Intrinsically disordered proteins in various hypotheses on the pathogenesis of Alzheimer's and Parkinson's diseases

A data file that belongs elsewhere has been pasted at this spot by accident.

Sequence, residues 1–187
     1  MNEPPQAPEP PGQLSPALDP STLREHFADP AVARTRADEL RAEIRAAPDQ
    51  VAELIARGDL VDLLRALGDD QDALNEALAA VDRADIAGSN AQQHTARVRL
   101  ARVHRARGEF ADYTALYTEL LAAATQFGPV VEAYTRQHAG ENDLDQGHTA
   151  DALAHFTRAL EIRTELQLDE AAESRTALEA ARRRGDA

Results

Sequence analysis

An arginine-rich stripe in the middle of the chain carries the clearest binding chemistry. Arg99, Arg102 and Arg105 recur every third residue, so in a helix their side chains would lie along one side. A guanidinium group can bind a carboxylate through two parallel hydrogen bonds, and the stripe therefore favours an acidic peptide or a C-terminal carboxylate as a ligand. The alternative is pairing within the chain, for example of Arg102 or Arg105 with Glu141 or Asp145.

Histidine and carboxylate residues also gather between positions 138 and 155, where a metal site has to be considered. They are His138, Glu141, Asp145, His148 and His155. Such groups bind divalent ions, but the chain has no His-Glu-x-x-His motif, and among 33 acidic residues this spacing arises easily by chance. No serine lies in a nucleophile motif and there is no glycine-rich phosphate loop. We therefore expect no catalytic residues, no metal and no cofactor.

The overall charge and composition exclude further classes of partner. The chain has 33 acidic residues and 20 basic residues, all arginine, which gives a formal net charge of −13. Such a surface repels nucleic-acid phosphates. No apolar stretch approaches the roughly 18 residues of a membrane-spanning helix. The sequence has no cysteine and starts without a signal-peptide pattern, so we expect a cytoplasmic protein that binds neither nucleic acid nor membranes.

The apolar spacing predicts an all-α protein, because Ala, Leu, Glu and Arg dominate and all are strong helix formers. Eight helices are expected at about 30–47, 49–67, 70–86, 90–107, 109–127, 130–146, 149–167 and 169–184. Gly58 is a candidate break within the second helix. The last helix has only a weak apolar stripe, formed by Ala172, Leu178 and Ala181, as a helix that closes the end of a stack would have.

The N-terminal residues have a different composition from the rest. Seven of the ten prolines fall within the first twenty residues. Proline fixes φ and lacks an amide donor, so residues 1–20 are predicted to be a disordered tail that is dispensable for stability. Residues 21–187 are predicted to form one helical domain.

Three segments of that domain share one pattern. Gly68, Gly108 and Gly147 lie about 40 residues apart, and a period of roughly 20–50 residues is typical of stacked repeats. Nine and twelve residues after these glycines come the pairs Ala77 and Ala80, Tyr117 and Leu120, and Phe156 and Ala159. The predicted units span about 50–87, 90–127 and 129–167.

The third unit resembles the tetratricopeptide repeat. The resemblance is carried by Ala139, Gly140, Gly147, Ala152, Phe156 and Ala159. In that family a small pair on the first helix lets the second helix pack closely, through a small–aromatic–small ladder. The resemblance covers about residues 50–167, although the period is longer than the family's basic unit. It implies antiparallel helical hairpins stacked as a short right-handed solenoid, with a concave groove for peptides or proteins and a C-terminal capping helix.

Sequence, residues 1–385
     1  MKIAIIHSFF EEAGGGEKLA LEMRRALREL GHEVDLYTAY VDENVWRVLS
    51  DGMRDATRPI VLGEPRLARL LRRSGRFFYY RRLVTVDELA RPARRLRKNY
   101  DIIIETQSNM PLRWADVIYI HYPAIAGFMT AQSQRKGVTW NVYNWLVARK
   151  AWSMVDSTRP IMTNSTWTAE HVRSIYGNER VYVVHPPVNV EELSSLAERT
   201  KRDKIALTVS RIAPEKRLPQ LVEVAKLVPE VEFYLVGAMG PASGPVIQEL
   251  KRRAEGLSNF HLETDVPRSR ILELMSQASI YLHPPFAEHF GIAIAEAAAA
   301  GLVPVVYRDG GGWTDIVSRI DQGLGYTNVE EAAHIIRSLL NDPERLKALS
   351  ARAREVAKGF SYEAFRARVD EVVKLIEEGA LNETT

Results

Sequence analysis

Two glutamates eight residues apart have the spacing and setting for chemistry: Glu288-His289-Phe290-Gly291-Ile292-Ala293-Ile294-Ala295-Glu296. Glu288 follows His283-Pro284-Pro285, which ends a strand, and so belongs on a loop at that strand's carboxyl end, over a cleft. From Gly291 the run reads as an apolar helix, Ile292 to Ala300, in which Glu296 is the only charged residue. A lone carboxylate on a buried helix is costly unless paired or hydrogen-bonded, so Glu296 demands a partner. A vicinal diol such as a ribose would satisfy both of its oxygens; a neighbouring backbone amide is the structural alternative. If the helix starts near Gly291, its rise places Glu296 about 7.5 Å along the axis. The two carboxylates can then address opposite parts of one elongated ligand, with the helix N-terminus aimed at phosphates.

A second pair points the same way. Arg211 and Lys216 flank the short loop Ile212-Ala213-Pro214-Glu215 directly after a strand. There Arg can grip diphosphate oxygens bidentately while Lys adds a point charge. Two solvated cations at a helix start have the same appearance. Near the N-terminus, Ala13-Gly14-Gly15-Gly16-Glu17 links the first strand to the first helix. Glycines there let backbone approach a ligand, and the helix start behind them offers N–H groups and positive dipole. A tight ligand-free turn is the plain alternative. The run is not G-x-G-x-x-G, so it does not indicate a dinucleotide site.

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Amyloid-beta (A beta) and alpha-synuclein (alpha S) are two intrinsically disordered proteins (IDPs) at the centers of the pathogenesis of Alzheimer's and Parkinson's diseases, respectively. Different hypotheses have been proposed for explanation of the molecular mechanisms of the pathogenesis of these two diseases, with these two IDPs being involved in many of these hypotheses. Currently, we do not know, which of these hypothesis is more accurate. Experiments face challenges due to the rapid conformational changes, fast aggregation processes, solvent and paramagnetic effects in studying these two IDPs in detail. Furthermore, pathological modifications impact their structures and energetics. Theoretical studies using computational chemistry and computational biology have been utilized to understand the structures and energetics of A beta and alpha S. In this chapter, we introduce A beta and alpha S in light of various hypotheses, and discuss different experimental and theoretical techniques that are used to study these two proteins along with their weaknesses and strengths. We suggest that a promising solution for studying A beta and alpha S at the center of varying hypotheses could be provided by developing new techniques that link quantum mechanics, statistical mechanics, thermodynamics, bioinformatics to machine learning. Such new developments could also lead to development in experimental techniques.